On the Fringe of business

3rd August 2007 at 01:00
TEACHERS SHOULD find it at least mildly gratifying that when the classroom doors close for the summer holidays there are others ready to carry on the work of teaching.

Arts education particularly seems to appeal, judging by the zeal youth arts leaders show in recruiting their clients.

When it comes to the Children's Shows at the Edinburgh Festival, education seems to be in retreat. In the ruthless marketplace of the Fringe, you will look hard to find any children's theatre worth the name, though there are plenty of "family" shows, dramatised books, and a crowd of monsters, ghosts and pirates to await the under-12s.

Many of the theatre companies have gone for the soft option of "interaction". Theatre managers know that parents shell out for the ever more expensive tickets one company offers the child five hours for pound;35 and that if they cannot be sure of buying their children a pleasurable theatrical experience, they will play safe by buying an enjoyable learning activity.

So, with 16 of the 110 "children's shows" promising some education for the money, the Fringe summer school is open for business.

Green Meanie is the only scientific or environmental show on offer, warding off global warming with an "ecological allegory for children".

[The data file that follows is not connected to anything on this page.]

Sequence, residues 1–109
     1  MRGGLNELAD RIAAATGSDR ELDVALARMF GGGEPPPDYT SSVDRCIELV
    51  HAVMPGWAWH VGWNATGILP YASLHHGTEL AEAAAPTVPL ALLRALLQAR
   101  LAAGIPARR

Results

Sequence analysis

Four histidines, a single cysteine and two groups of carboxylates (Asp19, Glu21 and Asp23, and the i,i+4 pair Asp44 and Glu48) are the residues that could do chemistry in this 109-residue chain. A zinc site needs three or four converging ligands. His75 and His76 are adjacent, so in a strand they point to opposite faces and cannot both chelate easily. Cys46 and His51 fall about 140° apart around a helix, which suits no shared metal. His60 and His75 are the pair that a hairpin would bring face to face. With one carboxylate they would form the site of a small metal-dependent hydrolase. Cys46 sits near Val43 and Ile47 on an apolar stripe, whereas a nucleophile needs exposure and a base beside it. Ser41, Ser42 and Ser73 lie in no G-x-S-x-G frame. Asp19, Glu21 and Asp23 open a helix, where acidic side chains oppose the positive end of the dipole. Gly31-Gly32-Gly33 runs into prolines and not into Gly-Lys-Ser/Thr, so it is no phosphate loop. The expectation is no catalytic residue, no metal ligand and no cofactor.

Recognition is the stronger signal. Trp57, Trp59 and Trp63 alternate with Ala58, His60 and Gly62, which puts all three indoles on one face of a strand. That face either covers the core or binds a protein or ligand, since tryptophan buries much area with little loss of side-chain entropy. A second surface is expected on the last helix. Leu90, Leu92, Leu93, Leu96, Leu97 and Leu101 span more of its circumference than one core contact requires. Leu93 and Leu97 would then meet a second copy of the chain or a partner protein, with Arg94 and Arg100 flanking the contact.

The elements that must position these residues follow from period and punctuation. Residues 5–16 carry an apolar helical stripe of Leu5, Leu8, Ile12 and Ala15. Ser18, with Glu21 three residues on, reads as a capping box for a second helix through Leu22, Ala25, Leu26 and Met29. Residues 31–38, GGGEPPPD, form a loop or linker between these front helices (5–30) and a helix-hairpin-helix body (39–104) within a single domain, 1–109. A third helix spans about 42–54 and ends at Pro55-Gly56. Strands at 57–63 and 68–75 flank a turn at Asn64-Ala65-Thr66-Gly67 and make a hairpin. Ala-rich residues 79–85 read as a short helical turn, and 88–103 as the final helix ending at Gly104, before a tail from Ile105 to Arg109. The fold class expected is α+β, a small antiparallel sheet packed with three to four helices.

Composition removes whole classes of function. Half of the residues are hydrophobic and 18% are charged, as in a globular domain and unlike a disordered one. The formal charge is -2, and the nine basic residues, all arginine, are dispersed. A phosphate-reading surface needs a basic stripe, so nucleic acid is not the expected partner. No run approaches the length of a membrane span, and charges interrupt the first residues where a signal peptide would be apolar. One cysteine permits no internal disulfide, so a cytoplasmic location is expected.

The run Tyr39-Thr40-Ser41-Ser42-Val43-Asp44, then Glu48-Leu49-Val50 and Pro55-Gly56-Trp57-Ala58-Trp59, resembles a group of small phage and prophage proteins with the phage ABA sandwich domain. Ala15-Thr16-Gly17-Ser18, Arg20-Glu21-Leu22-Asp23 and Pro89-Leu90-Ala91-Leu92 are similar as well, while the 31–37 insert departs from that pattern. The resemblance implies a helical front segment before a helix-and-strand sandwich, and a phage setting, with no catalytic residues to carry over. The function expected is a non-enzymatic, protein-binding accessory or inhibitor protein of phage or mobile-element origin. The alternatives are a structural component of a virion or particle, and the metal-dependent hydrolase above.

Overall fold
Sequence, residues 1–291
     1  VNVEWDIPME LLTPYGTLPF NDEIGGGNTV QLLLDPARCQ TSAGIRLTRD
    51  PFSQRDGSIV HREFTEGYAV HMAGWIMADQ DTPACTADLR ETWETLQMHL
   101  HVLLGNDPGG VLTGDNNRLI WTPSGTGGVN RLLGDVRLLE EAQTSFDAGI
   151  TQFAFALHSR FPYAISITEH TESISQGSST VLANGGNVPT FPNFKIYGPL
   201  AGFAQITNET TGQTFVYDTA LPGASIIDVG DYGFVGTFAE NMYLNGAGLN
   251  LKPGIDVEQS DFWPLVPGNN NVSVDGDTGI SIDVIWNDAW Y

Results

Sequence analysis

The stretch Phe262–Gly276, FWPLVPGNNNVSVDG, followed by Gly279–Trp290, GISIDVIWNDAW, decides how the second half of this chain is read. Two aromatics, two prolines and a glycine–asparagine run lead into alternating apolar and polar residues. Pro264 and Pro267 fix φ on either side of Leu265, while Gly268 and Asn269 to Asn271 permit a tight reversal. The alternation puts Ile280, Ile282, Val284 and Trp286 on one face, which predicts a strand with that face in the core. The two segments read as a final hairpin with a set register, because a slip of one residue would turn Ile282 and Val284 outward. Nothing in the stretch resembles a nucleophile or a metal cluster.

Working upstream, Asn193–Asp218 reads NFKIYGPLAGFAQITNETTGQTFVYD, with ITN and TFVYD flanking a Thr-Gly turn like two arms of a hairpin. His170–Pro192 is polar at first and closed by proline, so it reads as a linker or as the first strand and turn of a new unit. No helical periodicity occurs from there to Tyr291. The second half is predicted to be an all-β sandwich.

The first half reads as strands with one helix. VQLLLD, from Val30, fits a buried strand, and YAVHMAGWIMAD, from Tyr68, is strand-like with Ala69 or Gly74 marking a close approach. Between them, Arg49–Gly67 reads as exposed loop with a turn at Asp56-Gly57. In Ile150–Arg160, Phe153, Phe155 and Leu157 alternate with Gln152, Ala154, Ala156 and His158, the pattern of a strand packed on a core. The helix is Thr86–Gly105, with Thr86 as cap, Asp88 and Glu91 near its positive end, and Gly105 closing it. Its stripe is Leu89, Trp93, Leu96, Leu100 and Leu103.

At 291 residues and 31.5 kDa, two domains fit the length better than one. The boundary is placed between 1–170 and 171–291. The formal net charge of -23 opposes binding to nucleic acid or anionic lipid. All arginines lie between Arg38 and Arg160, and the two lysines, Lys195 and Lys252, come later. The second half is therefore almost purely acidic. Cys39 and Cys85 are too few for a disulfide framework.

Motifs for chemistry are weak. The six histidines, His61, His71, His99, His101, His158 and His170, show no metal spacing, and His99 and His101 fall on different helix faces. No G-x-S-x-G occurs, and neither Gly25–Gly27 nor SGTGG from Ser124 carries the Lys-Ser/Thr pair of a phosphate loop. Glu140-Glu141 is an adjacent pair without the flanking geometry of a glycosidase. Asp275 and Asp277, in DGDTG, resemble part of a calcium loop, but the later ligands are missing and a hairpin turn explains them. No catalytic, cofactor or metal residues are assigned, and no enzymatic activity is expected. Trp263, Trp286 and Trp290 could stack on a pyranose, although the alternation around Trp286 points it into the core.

Sleekit Productions offers A History of Scotland in 60 minutes or less. Its promise of a "fun, fast-paced hour", seems to be straight out of the Hopscotch stable.

The Rhema Theatre Company brings the Bible alive in Incredible Tales from the Miracle Book! and Terrific Tales from the Miracle Book!

Haiku For Kids assures you that "you won't have seen haiku done like this before" it sets the three-part poems to music and sends them off with a balloon.

Music gets three outings: Bang On! Junk Percussion Workshop is what it says on the tin, as is Painting Music Workshop, using classical music for its stimulus of matching sound with colour. Kidsamonium wants 6 to 14-year-olds to "experience the power and freedom of jazz" through participatory musical games.

Art and craft comes with The Bigger Picture, ticking a few boxes with "Edinburgh's past... ghosts, ghouls and giggles", while the Blun-derbus Groovy Puppetry Workshop invites children and families to a "fun-packed, practical" session.

Circus skills are omnipresent these days and Circus for Success promises a "brilliant day's entertainment with London's Premier Youth Circus training team". Be A Star In A Juggling Show tells you all you need to know, as does Flamenco for Kids, with the chance to try out costumes and instruments.

If all this skilling is too earnest, The Greatest Bubble Show On Earth lets you have honest fun with soap and water.

* www.edfringe.com

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